The Journal of Pediatrics, online before print, October 25, 2014.
http://dx.doi.org/10.1016/j.jpeds.2014.09.040
Lyme infection occurred in approximately 5% of children with acute, nontraumatic hip pain who were evaluated in a pediatric emergency department in a Lyme endemic region.

Infectious agents is a risk factor for myxomatous mitral valve degeneration: A case control study
Tiveron MG, Pomerantzeff PMA, de Lourdes Higuchi M, Reis MM, de Jesus Pereira J, Kawakami JT, Ikegami RN, de Almeida Brandao CM, Jatene FB.
BMC Infectious Diseases. 2017 Apr 21;17(1):297.
https://doi.org/10.1186/s12879-017-2387-8
The presence of infectious agents, inflammatory cells and collagenases in mitral valves appear to contribute to the pathogenesis of MVD. Mycoplasma pneumoniae was strongly related with myxomatous mitral valve degeneration. Despite of low percentage of Borrelia burgdorferi in MD group, this agent was correlated with myxomatous degeneration and this may occour due synergistic actions between these infectious agents likely contribute to collagen degradation.

Emerging Cases of Powassan Virus Encephalitis in New England: Clinical Presentation, Imaging, and Review of the Literature.
Piantadosi A, Rubin DB, McQuillen DP, Hsu L, Lederer PA, Ashbaugh CD, Duffalo C, Duncan R, Thon J, Bhattacharyya S, Basgoz N, Feske SK, Lyons JL.
Clinical Infectious Diseases, online first, 2015 Dec 13.
http://www.ncbi.nlm.nih.gov/pubmed/26668338
Background. Powassan virus is a rarely diagnosed cause of encephalitis in the United States. In the Northeast, it is transmitted by Ixodes scapularis, the same vector that transmits the causative agent of Lyme disease, and the prevalence of Powassan virus among animal hosts and vectors has been increasing. Here we present eight cases of Powassan virus encephalitis from Massachusetts and New Hampshire in 2013-2015.

Multiorgan failure related to human monocytic ehrlichiosis.
Yachoui R.
BMJ Case Reports. 2013May 22;2013. pii: bcr2013008716.
http://dx.doi.org/10.1136/bcr-2013-008716
Human monocytic ehrlichiosis (HME) is a tick-born disease that presents predominantly as a mild to moderate acute illness. Severe life-threatening disease has been reported with a case death rate of approximately 3%, often in immunosuppressed persons. A delay in therapy initiation has been proven to increase the morbidity of the disease.

First reported case of Ehrlichia ewingii involving human bone marrow
Allen MB, Pritt BS, Sloan LM, Paddock CD, Musham CK, Ramos JM, Cetin N, Rosenbaum ER.
Journal of Clinical Microbiology. 2014 Nov;52(11):4102-4.
http://doi.org/10.1128/JCM.01670-14
A 65-year-old female with a history of multiple tick bites presented with fever and pancytopenia. Intracytoplasmic rickettsial morulae were detected on peripheral smear and bone marrow biopsy specimens, and PCR amplified Ehrlichia ewingii DNA from both specimens. To our knowledge, this is the first report of E. ewingii infection of human bone marrow.

Ticks Can Spread Allergy to Red Meat
Blog: D-brief, A Blog About Energy and the Environment
Written by: Lisa Raffensperger, Discover Magazine, Kalmbach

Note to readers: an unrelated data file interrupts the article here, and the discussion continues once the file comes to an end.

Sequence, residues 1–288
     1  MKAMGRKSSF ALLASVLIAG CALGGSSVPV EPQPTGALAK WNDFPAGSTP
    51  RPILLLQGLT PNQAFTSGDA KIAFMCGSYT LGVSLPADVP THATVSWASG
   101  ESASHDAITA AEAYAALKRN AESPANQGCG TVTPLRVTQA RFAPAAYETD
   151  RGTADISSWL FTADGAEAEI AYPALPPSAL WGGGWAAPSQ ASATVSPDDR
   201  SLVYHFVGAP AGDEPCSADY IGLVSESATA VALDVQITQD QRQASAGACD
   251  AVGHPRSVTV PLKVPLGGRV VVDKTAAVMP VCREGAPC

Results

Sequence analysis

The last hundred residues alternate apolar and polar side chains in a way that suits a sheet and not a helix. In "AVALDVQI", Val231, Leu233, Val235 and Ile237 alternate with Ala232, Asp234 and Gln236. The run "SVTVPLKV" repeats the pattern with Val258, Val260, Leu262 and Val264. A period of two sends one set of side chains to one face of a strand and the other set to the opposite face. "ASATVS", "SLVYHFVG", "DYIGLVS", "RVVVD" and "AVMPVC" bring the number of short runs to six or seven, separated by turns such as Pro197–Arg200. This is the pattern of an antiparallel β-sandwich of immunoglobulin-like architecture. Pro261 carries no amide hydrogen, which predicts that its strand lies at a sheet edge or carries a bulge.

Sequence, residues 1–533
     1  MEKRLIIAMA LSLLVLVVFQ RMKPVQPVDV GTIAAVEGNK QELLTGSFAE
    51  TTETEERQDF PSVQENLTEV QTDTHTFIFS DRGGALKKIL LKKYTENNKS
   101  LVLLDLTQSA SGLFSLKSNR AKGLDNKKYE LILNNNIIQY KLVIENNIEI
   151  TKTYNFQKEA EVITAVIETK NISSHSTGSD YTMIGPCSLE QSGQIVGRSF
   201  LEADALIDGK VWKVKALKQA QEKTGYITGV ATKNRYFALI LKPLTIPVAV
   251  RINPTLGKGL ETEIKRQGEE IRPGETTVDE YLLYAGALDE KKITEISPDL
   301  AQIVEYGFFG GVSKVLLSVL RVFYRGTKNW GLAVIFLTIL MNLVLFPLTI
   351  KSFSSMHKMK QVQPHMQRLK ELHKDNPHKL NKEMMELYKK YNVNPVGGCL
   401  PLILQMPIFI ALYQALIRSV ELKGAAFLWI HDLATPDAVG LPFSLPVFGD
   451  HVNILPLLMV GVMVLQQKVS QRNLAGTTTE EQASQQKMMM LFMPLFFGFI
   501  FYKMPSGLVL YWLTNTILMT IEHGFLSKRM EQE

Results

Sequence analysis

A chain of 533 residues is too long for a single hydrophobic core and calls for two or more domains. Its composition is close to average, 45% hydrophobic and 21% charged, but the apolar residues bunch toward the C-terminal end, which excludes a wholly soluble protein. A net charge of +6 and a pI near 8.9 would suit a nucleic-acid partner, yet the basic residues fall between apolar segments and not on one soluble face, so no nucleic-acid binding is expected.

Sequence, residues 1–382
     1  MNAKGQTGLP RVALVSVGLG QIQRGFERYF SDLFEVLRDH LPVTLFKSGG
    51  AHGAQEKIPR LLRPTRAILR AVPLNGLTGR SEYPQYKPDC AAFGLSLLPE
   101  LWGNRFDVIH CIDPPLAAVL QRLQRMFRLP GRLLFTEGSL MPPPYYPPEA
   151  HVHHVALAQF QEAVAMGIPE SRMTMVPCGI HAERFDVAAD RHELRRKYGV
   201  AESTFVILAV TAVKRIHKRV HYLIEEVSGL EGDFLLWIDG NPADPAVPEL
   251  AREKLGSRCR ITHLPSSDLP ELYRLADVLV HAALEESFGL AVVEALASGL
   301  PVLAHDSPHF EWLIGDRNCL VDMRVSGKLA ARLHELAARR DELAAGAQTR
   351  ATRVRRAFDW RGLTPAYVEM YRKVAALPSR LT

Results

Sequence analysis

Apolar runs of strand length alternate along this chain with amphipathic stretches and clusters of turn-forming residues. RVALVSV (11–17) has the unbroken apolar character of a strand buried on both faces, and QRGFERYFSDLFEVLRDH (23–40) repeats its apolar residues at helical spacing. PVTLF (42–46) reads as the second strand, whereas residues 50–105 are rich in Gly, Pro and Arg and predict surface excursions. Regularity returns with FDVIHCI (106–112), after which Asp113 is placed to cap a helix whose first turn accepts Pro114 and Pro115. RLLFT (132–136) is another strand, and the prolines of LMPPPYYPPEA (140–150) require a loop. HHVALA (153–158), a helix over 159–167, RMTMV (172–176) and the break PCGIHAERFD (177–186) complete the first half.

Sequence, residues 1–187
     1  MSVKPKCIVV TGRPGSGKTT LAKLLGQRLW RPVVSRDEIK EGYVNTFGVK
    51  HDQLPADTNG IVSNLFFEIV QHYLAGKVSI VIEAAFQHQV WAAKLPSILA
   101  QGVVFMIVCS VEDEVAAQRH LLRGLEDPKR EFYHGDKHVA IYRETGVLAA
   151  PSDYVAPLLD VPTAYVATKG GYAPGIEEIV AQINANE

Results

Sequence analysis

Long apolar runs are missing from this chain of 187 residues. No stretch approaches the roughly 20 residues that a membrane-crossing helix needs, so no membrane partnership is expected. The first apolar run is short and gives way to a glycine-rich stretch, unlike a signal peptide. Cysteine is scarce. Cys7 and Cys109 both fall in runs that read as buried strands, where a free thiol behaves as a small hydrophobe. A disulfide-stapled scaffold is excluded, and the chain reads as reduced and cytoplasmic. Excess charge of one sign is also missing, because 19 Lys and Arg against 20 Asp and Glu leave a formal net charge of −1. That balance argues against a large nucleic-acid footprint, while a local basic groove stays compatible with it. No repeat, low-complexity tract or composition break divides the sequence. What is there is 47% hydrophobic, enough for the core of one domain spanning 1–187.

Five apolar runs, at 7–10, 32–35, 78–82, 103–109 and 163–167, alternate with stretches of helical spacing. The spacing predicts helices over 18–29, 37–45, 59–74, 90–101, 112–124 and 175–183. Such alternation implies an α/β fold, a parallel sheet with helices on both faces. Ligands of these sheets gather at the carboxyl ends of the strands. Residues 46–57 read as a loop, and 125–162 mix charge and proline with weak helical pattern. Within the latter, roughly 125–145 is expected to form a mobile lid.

Publishing Coompany, Waukesha, Wisconsin
http://goo.gl/eOuim
We’re in the thick of tick season, and that tends to trigger mental associations with Lyme disease. But as the arachnids emerge this year, attention is also being paid to a rare allergy that ticks may be spreading, and it’s a carnivore’s worst nightmare: itchy hives every time you eat red meat.

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GENERAL TICK-BORNE ILLNESS RESEARCH ISSUES

Priorities for Lyme Disease Research
Written by Sherrill Franklin, Focus – Opinions and Features item from LymeDisease.org, Chico, California
www.lymedisease.org/sherrill-franklin/
Almost 40 years have passed since the Lyme disease bacterium was identified, yet there are still no reliable diagnostics and no definitive treatments, especially for those with persistent symptoms. While Lyme disease research funding has always languished somewhere between hay fever and headaches, CDC/NIH grant money did add up to over $450 million between 1998 and 2016. Over 18 years, that’s about $25 million annually.

Lyme Disease: A Bioethical Morass
Neha Jariwala, Erum Ilyas and Herbert B Allen
Journal of Clinical Research & Bioethics, online first October 24, 2016.
http://www.omicsonline.org/clinical-research-bioethics-abstract.php?abstract_id=81033
“Primum non nocere”, “first do no harm” is a medical dictum based in antiquity. Yet, in nearly everything related to Lyme disease, it seems almost entirely disregarded. How ethical is it that we follow the guidelines of the CDC regarding diagnosis when those guidelines require erythema migrans that is clearly recognizable only in one (“bullseye rash”) of its multiple presentations? Further, how ethical is it that we are held to guidelines regarding a positive serology that is positive (at best) only 40% of the time? Another questionable ethical situation is the use of a bacteriostatic antibiotic that barely meets the MIC for Borrelia burgdorferi in its ordinarily prescribed regimen. It is also dependent on compliance which is a huge issue because of the gastrointestinal side effects. This antibiotic may clear the rash, but seemingly does little to prevent late findings of the disease. The sub lethal antibiotic dose can be important in the subsequent development of biofilms that lead to a chronic disease state. Lastly, how ethical is it that we have nearly abandoned our patient advocacy and permitted the insurance companies to dictate allowable treatment? And, in as much as Borrelia organisms were found in the brains of Alzheimer’s disease patients over 25 yrs ago and those spirochetes have recently been shown to produce biofilms, how ethical is it that we ignore research underpinning the pathogenesis of this disease?